John Albert Workman Jr

31 May 1881–3 June 1938 (Age 57)
Putney, Kanawha, West Virginia, United States

The Life of John Albert

John Albert Workman Jr was born on 31 May 1881, in Putney, Kanawha, West Virginia, United States as the son of Giles Lewis Workman and Annie Hansel. He married Mamie J. Sanders on 2 June 1909, in Fayette, West Virginia, United States. They were the parents of at least 4 sons and 5 daughters. He lived in Mountain Cove Magisterial District, Fayette, West Virginia, United States for about 20 years. He died on 3 June 1938, in Montgomery, Fayette, West Virginia, United States, at the age of 57, and was buried in Lansing, Fayette, West Virginia, United States.

Photos & Memories (0)

Photos & Memories

Do you know this person? Do you have a story about him you would like to share? Sign in or Create a FREE Account

Family Time Line

John Albert Workman Jr
Mamie J. Sanders
Marriage: 2 June 1909
Dorothy Emma Workman
Lillian Elizabeth Workman
Earl Brewster Workman
Nellie Marie Workman
J Lester Workman
Frank Eugene Workman
Nellie Mae Workman
Forest Monroe Workman
Barbara Dolores Workman

Spouse and Children

2 June 1909
Fayette, West Virginia, United States


    Dorothy Emma Workman



    Earl Brewster Workman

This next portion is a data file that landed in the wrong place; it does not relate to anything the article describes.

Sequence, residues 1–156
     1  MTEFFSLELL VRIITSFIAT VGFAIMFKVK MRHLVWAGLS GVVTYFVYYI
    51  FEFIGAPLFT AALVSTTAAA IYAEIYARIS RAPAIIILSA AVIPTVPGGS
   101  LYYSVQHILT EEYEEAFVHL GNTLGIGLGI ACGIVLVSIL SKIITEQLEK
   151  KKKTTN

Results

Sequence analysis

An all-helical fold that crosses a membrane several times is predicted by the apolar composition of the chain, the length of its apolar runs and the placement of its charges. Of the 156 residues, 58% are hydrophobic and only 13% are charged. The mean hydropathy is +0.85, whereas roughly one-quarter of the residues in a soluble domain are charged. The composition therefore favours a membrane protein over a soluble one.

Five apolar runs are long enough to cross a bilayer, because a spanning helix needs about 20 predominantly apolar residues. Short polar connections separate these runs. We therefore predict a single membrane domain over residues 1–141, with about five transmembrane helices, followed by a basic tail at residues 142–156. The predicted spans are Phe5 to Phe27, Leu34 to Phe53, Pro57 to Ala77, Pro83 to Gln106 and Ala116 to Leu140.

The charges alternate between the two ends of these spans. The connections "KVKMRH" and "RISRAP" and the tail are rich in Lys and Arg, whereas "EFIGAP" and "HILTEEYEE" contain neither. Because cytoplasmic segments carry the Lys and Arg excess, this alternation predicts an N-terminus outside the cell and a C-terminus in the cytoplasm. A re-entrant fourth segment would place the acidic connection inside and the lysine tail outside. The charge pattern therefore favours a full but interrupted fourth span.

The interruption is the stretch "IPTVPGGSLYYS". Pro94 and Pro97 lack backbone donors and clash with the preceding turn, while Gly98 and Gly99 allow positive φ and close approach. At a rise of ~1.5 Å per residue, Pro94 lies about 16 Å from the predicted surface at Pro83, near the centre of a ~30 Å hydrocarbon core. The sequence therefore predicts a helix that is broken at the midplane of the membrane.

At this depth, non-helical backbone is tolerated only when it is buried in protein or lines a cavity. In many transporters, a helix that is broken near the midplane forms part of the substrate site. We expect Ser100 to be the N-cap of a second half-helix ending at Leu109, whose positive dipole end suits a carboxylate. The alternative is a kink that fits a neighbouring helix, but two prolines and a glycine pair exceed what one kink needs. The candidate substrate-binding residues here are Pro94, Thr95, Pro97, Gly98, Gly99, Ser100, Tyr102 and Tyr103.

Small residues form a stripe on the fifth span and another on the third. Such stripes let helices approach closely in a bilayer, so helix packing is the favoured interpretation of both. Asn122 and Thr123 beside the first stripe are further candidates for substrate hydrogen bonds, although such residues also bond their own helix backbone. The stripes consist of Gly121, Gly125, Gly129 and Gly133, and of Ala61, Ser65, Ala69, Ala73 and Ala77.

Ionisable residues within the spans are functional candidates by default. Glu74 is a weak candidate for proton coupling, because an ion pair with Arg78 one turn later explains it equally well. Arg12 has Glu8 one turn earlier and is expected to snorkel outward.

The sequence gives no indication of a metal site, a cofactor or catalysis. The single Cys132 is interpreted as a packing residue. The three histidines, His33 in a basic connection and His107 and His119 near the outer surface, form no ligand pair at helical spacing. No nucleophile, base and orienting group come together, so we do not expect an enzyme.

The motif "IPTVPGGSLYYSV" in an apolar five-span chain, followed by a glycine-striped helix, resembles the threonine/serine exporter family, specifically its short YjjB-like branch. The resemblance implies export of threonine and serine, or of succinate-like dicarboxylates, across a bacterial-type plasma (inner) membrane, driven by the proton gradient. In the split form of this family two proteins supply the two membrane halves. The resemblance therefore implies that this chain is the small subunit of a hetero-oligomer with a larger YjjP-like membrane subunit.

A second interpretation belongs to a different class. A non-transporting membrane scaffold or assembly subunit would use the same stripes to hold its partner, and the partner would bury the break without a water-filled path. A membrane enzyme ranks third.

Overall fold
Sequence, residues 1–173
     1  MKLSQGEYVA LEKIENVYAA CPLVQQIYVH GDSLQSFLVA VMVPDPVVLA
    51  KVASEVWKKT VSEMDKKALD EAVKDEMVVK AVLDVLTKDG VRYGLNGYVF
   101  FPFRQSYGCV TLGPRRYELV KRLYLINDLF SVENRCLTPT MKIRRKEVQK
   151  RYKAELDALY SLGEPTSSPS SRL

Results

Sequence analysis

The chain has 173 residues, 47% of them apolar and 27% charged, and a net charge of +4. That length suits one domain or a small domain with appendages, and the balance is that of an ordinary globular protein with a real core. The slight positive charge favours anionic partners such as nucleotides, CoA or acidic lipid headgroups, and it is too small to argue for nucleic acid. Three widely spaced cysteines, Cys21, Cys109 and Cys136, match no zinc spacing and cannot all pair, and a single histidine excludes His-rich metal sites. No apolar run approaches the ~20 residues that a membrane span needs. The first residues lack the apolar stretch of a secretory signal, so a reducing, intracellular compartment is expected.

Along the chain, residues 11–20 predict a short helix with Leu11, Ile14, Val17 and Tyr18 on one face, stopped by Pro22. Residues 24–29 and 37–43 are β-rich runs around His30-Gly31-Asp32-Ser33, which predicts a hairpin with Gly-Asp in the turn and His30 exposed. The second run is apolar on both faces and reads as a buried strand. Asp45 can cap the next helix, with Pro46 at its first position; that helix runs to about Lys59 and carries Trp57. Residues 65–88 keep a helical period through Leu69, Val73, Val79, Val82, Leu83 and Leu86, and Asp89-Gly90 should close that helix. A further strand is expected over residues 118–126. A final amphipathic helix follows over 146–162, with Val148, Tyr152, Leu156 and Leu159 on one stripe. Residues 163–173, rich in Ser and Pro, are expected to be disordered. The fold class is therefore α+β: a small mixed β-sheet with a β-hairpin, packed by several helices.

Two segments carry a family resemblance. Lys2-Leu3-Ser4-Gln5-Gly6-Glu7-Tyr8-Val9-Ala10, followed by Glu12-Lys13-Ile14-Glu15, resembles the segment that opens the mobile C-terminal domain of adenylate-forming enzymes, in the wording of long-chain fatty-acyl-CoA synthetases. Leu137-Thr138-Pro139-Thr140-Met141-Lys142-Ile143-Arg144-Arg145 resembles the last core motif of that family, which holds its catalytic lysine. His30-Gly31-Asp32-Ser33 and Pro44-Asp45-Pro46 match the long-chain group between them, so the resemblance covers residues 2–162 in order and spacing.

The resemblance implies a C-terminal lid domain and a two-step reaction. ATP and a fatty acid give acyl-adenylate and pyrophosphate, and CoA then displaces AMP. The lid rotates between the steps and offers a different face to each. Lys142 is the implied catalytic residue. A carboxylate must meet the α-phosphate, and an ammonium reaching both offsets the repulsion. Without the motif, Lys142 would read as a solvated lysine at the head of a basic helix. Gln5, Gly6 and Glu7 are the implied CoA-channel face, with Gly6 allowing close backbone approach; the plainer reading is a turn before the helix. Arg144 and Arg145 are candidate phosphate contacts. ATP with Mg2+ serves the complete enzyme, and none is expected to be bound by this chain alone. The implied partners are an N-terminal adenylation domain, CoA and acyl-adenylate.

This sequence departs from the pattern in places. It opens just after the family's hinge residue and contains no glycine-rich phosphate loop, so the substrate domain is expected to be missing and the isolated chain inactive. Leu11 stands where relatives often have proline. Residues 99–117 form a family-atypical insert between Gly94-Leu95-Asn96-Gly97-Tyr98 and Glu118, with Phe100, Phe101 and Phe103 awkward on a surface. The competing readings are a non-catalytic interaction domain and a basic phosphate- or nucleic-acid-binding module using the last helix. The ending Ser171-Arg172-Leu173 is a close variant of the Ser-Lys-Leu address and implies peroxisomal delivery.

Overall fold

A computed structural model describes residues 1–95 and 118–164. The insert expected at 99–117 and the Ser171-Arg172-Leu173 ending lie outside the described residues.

J Lester Workman


+4 More Children

Parents and Siblings



World Events (8)

1882 · The Chinese Exclusion Act

Age 1

A federal law prohibiting all immigration of Chinese laborers. The Act was the first law to prevent all members of a national group from immigrating to the United States.

Age 5

Statue of Liberty is dedicated.
1898 · War with the Spanish

Age 17

After the explosion of the USS Maine in the Havana Harbor in Cuba, the United States engaged the Spanish in war. The war was fought on two fronts, one in Cuba, which helped gain their independence, and in the Philippines, which helped the US gain another territory for a time.

Name Meaning

English: ostensibly an occupational name for a laborer, from Middle English work + man. According to a gloss cited by Reaney the term was used in the Middle Ages to denote an ambidextrous person, and the surname may also be a nickname in this sense.

Dictionary of American Family Names © Patrick Hanks 2003, 2006.

Sources (3)

  • John A Workman, "United States Census, 1930"
  • John A Workman, "United States Census, 1920"
  • John A Workman, "United States Census, 1910"

Find more of your family story

As a non-profit, we offer free help to anyone looking to learn the details of their family story.

Create a free account to view more about your family.
Create a free account
Share this with your family and friends.